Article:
The Dillon Dam is an 8-foot-high concrete structure that serves 1,821 acres, mainly at one ranch, the East Oregonian reported. Its fish ladders are often inaccessible early in the season because high flows leave gravel bars, and again late in the summer when the river is low.
Recent flooding has left an island of rocks that blocks salmon and steelhead, and plugs irrigation works.
“When there’s a problem at a dam, we’ll at least see a delayed migration,” said Gary James, fisheries manager for the Confederated Tribes of the Umatilla Indian Reservation. “Obviously, when it takes them a lot longer, the wear-and-tear takes its toll.”
The Umatilla Basin Watershed Council has been working on the plan since 2011 and is awaiting approval from the Oregon Water Resources Department for a water rights transfer.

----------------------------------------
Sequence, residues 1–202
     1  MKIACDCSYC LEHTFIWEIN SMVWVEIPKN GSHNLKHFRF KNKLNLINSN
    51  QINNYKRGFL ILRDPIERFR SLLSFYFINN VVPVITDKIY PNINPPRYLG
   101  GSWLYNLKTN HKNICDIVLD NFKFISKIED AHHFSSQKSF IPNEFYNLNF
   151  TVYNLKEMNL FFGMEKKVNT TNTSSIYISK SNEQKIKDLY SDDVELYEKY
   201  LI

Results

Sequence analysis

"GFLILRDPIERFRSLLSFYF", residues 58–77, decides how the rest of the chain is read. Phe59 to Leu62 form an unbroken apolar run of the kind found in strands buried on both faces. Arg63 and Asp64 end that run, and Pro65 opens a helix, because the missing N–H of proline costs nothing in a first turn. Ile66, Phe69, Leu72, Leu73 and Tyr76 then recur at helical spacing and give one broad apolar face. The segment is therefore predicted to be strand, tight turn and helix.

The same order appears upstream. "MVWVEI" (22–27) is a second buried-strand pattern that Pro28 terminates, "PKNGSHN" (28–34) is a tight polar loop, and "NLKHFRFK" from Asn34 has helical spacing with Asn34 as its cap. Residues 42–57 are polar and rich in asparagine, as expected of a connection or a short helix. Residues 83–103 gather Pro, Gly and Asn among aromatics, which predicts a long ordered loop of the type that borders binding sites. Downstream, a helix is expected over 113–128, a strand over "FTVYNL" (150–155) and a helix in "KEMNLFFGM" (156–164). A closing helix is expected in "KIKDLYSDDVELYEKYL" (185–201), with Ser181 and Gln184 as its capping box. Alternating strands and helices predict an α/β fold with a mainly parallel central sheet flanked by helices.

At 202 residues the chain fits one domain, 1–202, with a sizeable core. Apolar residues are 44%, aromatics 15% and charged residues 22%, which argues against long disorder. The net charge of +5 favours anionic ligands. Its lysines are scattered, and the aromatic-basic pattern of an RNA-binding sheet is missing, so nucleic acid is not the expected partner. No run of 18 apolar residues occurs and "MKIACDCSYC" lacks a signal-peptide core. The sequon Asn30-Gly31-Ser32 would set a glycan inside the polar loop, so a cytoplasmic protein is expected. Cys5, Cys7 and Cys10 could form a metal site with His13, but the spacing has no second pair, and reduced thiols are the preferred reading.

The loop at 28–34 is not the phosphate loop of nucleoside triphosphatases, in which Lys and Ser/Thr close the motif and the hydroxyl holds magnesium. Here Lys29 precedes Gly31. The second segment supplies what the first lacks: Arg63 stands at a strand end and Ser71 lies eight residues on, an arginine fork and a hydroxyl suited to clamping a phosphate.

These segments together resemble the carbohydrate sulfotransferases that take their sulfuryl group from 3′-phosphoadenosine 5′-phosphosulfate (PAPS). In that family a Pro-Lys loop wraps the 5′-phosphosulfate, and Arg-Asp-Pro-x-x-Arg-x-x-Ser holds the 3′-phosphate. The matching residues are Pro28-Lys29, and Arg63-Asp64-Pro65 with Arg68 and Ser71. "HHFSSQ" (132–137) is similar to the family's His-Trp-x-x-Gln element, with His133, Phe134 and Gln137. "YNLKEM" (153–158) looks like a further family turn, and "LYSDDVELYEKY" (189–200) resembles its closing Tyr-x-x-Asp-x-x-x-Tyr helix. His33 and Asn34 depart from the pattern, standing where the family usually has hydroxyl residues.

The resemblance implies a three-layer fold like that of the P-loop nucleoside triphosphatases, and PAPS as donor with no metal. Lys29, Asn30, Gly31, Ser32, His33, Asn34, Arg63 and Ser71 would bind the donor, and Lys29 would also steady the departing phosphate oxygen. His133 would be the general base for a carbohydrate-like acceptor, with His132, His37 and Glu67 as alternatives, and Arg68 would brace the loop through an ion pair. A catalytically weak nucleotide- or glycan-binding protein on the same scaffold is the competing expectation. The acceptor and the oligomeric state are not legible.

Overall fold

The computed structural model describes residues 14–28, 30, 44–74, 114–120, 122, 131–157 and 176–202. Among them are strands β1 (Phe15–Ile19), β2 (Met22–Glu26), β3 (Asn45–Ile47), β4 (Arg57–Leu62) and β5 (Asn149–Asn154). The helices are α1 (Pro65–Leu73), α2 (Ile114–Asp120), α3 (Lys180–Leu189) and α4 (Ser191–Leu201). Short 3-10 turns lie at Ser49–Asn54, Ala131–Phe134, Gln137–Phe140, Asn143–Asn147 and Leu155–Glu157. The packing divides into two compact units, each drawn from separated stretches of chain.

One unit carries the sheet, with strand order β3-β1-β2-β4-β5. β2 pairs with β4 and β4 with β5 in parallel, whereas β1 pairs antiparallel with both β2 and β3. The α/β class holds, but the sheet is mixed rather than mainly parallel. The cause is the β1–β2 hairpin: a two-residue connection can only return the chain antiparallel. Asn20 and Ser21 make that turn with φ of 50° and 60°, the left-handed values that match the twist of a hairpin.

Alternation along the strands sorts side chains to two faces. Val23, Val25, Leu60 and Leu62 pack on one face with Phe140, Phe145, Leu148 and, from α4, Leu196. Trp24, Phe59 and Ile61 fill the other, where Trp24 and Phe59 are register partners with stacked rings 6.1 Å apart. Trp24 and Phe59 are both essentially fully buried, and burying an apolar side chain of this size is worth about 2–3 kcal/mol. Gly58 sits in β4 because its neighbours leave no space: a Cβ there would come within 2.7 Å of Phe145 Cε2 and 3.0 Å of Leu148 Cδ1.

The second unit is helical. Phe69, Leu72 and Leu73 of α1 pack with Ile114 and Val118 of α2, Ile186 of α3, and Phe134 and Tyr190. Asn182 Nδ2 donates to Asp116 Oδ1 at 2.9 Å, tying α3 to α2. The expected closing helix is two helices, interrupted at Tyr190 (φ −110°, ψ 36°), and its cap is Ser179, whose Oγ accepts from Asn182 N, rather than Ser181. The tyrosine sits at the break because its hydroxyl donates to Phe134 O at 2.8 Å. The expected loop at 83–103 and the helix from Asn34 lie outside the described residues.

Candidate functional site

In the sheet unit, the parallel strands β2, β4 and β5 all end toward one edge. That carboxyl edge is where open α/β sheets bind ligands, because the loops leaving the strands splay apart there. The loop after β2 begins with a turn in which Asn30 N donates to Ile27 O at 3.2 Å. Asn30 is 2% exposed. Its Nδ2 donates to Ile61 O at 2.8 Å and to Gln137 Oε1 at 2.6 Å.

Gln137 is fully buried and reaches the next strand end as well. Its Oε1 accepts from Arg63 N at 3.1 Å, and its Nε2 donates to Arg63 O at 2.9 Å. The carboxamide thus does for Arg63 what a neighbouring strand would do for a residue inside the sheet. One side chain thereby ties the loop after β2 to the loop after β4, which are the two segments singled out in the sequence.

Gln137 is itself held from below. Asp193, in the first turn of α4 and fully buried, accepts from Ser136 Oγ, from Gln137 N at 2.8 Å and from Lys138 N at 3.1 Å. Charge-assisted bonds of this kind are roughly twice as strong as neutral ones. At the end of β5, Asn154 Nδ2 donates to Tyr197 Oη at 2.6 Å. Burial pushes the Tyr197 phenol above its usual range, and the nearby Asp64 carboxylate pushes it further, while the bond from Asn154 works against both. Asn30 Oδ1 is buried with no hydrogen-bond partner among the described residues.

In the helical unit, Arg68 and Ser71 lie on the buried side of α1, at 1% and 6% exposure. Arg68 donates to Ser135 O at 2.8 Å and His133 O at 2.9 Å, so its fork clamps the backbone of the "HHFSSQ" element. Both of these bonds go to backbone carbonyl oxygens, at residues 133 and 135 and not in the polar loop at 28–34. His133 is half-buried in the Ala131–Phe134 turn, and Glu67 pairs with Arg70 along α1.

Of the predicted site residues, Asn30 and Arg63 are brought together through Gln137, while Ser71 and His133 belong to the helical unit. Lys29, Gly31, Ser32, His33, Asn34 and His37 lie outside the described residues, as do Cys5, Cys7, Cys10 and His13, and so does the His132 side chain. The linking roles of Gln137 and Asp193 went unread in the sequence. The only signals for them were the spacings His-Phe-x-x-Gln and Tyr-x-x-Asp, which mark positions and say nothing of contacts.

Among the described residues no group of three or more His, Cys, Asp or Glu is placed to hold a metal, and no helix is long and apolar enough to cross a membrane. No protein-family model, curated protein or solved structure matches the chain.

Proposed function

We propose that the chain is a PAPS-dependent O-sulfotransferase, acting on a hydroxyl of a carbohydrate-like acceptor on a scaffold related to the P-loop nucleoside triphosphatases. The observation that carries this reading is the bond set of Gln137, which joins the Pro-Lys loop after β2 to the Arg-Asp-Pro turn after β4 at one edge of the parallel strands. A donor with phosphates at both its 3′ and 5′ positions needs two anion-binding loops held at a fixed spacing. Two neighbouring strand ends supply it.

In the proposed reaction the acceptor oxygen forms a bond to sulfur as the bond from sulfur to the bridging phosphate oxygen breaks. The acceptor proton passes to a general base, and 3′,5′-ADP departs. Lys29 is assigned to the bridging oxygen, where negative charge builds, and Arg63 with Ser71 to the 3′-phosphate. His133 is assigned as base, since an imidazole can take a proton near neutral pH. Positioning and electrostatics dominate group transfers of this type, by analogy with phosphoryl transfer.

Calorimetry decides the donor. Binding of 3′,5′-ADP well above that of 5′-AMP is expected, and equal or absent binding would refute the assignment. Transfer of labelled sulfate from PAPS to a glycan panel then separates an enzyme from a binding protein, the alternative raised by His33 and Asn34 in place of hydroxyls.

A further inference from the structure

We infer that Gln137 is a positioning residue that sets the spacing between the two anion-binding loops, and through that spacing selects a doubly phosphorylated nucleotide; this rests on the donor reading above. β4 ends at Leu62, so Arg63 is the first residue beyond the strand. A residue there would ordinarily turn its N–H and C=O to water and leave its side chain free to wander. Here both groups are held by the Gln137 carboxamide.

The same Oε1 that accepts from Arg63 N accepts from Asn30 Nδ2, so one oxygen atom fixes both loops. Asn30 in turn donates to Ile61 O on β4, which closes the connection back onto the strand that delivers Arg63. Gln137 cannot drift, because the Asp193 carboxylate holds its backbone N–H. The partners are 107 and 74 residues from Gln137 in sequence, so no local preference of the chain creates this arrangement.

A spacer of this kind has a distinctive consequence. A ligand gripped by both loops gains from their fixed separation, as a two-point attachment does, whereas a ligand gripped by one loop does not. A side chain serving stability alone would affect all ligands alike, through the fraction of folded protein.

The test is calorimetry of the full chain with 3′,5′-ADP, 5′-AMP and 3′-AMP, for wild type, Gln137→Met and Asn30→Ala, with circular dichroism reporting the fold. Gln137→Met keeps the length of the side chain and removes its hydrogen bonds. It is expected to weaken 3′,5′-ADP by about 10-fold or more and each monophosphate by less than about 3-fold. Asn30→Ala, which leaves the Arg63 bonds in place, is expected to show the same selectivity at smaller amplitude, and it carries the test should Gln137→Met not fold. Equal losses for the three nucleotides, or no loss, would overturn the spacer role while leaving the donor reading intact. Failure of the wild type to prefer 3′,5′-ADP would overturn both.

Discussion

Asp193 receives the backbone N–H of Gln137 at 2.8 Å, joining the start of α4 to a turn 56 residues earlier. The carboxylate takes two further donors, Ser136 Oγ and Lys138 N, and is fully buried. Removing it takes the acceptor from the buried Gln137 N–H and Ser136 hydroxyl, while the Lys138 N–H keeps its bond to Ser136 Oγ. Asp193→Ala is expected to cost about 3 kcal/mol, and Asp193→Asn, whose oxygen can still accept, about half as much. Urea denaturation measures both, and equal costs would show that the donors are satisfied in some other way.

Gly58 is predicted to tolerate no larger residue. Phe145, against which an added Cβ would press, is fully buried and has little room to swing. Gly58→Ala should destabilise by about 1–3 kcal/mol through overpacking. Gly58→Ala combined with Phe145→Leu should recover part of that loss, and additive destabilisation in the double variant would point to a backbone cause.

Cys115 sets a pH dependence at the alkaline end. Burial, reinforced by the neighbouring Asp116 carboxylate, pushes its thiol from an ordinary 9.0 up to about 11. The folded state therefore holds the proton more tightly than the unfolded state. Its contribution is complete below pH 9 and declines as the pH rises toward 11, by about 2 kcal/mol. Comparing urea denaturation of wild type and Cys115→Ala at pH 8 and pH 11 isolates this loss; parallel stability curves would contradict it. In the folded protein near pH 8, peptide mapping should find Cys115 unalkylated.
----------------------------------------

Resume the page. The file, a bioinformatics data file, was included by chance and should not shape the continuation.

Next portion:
State, federal and tribal money is expected to pay for the project, which could be finished in 2015.
The plan calls for rerouting the irrigators’ water from the Westland Irrigation Dam two miles upstream.
The agricultural producers will benefit, as well, because they now have to bring in heavy equipment for the 10 to 12 hours of work it takes to clear blockages, said Mike Taylor, owner and operator of the Double M Ranch.
A third-generation rancher, Taylor depends on irrigation water from the Dillon Dam to grow hay, corn and barley for his cattle operation of 1,300 cows.
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